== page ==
A man from the Cleveland, Ohio area has been charged with assaulting a Jewish couple who were counter-protesting at a pro-Palestinian rally in May.

He was also charged with obstruction of justice, according to the Cleveland Jewish News.

Alec Popivker told the Jewish News that he and his wife Sarah Popivker, who were both carrying Israeli flags, were protesting against the May 14 demonstration when they were assaulted and his kippah was stolen from him and burned.

Popivker and his wife were placed in a police car and driven away for their safety as it was a “melee situation” according to Westlake police who described the pro-Palestinian protestors as a “big, angry crowd.”

Popivker received a criminal protection order dated August 31 from the Rocky River Municipal court in suburban Cleveland. The order stated that Mohammed Ayman Sbeih, 20, was ordered to not go near the Popivkers, the Jewish News reported.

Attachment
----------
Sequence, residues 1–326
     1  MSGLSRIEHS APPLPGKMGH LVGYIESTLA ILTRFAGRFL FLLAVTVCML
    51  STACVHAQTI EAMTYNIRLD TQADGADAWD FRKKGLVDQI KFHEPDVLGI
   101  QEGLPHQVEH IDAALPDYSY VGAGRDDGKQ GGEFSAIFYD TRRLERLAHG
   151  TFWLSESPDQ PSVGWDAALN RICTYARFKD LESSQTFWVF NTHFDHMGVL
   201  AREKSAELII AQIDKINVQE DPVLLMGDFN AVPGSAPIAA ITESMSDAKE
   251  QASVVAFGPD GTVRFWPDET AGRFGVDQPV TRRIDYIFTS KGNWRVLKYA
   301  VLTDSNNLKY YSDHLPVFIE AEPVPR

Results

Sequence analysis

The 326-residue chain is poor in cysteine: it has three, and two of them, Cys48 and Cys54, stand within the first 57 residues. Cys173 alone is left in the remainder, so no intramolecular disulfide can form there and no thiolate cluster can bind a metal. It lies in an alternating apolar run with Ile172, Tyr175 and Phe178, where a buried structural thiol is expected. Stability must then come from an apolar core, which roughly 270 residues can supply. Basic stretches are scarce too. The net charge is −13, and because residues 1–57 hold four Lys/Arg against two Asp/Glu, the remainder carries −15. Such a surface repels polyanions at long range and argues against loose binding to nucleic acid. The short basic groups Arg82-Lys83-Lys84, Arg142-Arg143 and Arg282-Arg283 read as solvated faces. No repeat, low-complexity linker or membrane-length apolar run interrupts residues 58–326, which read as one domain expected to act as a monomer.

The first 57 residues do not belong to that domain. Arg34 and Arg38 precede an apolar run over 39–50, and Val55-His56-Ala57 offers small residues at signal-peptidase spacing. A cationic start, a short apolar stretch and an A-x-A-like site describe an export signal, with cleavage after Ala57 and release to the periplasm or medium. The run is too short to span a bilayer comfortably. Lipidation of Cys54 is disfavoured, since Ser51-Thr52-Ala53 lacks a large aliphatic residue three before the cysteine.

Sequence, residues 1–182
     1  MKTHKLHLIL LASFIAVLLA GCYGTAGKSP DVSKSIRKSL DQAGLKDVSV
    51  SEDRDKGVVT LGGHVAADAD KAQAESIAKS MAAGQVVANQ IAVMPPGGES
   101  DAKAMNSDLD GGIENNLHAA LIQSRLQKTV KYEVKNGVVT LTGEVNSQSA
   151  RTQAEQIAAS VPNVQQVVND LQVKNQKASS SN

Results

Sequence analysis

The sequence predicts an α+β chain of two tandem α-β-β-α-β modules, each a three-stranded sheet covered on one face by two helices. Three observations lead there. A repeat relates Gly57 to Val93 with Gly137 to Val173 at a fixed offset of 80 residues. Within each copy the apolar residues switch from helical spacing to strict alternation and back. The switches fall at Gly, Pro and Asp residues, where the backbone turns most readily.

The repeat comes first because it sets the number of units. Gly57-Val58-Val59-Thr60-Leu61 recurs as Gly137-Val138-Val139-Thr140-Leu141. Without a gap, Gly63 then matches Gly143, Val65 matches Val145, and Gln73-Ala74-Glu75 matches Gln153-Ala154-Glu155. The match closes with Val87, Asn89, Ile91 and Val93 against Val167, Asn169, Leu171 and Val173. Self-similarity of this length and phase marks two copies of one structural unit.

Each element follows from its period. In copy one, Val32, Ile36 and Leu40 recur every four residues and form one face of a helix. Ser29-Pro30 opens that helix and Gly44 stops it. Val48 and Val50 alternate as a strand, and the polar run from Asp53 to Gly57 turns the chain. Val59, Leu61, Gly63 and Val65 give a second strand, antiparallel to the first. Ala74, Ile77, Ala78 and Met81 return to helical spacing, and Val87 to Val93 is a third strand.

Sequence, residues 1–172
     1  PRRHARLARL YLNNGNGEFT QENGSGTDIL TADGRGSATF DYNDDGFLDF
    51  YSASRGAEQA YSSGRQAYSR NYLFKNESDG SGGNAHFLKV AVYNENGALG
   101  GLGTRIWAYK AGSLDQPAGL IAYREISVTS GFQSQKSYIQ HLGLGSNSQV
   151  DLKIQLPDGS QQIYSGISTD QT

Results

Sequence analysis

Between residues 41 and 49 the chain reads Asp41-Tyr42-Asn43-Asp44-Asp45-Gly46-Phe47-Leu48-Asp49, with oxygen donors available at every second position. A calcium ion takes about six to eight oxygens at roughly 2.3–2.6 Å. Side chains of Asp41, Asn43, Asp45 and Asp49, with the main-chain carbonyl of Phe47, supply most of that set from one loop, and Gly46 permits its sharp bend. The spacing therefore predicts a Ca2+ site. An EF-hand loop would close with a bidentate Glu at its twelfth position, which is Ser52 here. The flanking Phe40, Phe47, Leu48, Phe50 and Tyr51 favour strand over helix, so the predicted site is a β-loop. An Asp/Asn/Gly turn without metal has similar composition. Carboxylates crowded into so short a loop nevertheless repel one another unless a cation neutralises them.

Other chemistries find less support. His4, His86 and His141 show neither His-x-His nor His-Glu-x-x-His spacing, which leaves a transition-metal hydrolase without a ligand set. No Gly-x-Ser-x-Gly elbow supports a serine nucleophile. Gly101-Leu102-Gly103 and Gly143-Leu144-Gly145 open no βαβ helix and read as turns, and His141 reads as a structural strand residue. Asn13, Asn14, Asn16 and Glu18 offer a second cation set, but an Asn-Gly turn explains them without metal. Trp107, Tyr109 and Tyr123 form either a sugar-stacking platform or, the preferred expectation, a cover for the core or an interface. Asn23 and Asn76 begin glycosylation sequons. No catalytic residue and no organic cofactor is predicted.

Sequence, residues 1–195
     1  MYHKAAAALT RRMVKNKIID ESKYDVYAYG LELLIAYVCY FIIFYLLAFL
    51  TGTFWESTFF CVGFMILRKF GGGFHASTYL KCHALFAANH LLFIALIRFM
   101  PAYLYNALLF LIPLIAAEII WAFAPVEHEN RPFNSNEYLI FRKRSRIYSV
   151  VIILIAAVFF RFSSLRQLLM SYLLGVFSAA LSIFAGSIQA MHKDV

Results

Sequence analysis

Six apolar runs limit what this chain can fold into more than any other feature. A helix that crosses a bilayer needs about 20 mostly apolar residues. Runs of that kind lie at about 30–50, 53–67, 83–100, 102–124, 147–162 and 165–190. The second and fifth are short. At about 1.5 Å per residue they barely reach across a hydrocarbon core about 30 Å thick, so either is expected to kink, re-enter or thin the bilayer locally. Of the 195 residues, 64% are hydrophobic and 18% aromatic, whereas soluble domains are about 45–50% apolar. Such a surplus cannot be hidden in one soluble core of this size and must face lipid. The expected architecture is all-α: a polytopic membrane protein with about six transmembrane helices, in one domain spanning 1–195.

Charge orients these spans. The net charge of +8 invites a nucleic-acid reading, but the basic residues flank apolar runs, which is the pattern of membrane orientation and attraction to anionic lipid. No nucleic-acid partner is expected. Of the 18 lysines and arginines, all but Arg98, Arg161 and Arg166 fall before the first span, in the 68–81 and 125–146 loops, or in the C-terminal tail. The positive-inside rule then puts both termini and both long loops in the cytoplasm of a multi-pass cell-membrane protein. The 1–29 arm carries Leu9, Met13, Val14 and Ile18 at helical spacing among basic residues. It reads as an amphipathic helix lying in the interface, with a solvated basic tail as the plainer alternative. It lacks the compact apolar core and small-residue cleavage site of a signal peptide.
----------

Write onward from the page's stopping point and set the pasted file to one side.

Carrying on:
Sbeih attended an arraignment on August 31. The Rocky River court released him on his own recognizance.

The protective order states that Sbeih cannot enter the home, business, place of employment, day care center or child care provider of the victims. It also orders him to stay at least 500 feet away from the victims at all times, and that he refrain from using any form of electronic surveillance on the victims. He is also not allowed to encourage anyone else to commit any act prohibited by the protective order. He further cannot possess or use any deadly weapons while under the order, and must refrain from using or possessing alcohol.

Both charges are first degree misdemeanors that carry a maximum prison term of six months and a maximum fine of $1,000.

Popivker described the attack as a “typical lynching.”

He told the Jewish News that he and his wife were both injured, with his wife’s head bleeding after she was hit with a flagpole. His elbow was also bruised.

So far, no other people have been arrested for the attack.

(Arutz Sheva’s North American desk is keeping you updated until the start of Yom Kippur in New York. The time posted automatically on all Arutz Sheva articles, however, is Israeli time.)